Our neighbors had Grilled Spanish Chorizo with lentils $ 6.75 They loved it and it looked appetizing. They also had a chicken dish, Pintxo de Pollo y Chorizo, that they liked. They enjoyed their meal. One was a Chowhound reader, knew of my persona, and said he enjoyed reading my posts. Ahem.
We had a bottle of Reserve Rioja, whose name I cannot remember, but it was a distinct value at $30. They have had their liquor license for about a week. I understand they are selling their wines with little markup right now.
Service was incredibly good. They even crummed our table! We left with hardly a dent in our wallet at $66 before tip. This included the wonderful wine!
We will surely go back because this is very accessible for us and for people from North Haven, north New Haven, Hamden and Woodbridge because it is right at exit 60 on 15 (Wilbur Cross Highway), on Dixwell.
Our biggest and only significant complaint, however, is the noise level. Look at the images on their site: http://www.ibizatapaswinebar.com/
This is a snazzy place, but everything is butt smooth and hard. NO attention has been paid to noise attenuation. I cannot imagine what it is like when busy! This is one of our biggest issues with restaurants. We want to be able to talk. This was difficult most of the time AND they had music playing in the background. We noticed the music only as the crowd thinned around 8:30. They are not open for lunch but open at five and serve till ten and the bar stays open till 2AM on the weekend!
There was a study done about a year ago by a French research group which found that more alcohol was consumed if there was loud music in bars. There was not *loud* music per se at Ibiza Tapas, but it had a high noise level, overall. I don't know if they did this on purpose , or not, but the manager got "an earful" from us about the noise level.
I went with 2 girlfriends on Friday night and when we arrived it was about 3/4 full. We only had to wait a few min. for a table, but when we sat down the first thing we noticed was how warm it was. We were told that they were having A/C problems and they opened the front door and it was much better with some air flowing. The 2nd thing we noticed was how noisey is was. We each chose 2 tapas each and we loved every one that we were served. Sorry, I'm not good like Scargod & Danieljdwyer at reiterating them in detail :), but we thoroughly enjoyed all 6 that we chose. My friend and I both chose the chardonnay, because the waitress told us it was the "dryest" one on their list of whites, but both of us thought it too fruity. It's an adorable little place, but they really should do something about all the hard features, because it was extremely loud. And, as Scargod says above, I can't imagine what it's like when full. But all in all it was a nice evening. And I'm sure I'll go again.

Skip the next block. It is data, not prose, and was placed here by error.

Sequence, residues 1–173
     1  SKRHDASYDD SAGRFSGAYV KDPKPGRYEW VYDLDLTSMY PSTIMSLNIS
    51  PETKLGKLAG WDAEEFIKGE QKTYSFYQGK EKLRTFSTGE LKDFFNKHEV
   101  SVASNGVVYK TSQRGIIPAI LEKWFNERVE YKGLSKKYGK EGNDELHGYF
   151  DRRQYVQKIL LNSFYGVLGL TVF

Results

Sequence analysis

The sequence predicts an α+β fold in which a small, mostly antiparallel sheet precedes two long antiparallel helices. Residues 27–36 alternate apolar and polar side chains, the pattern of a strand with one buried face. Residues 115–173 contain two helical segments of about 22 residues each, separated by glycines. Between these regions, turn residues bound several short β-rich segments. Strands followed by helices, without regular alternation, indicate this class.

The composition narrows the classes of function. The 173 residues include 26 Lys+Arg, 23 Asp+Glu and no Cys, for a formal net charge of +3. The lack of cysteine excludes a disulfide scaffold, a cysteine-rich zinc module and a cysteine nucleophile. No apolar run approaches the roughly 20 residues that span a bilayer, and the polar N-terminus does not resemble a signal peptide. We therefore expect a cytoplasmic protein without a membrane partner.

Ibiza Tapas was a schizophrenic meal last night.
Loud, and almost full at 7:30, there might have been three tables vacant. Somebody brought a noisemaker that wasn’t needed. What SO thought was a noisemaker was a baby wailing. Hard to tell over the din. Several tables had children. SO said we would have to use sign language, then she just started shouting! Except for the seatbacks, along the wall, everything is glossy, butt smooth surfaces; even the room divider is smooth glass! What were they thinking? http://www.ibizatapaswinebar.com/
We had very good red wine. Nothing is over $35/bottle or $9/glass! We had premium wine @ $7.50 and at $9.00. I thought the cheaper Distinto (Shiraz blend), was just as good as the Ondarre, a temperanillo. It took a while to get our second round of wine. Prior to delivering the next round, the waitress ran off with my wine glass when it still had a decent swallow in it. She tried to do that with SO's, when later, we ordered one more for us to share. SO was on to her and snatched it to her bosom before the waitress could grab it. A funny exchange.
Things were really wacky last night. The manager (?) took our original order for wine. We then were addressed by our first waitress. We placed our order, and then a second waitress shows up to take our order. Saying we had ordered, she asked, “But, did you hear about the specials?” “Well, no, we didn’t heard about them”, I said. Several of the specials sounded tempting so we ordered two. Our first waitress, #1 (let’s call them #1, #2, #3 and #4 for clarity), comes by and says, “Sorry, they are out of codfish croquettes”, one of the specials she offered us. This was early in the evening, too! I order instead a different special, sautéed clam strips with rice. Then a third server, #3 shows up very soon after with, guess what? Cod croquettes!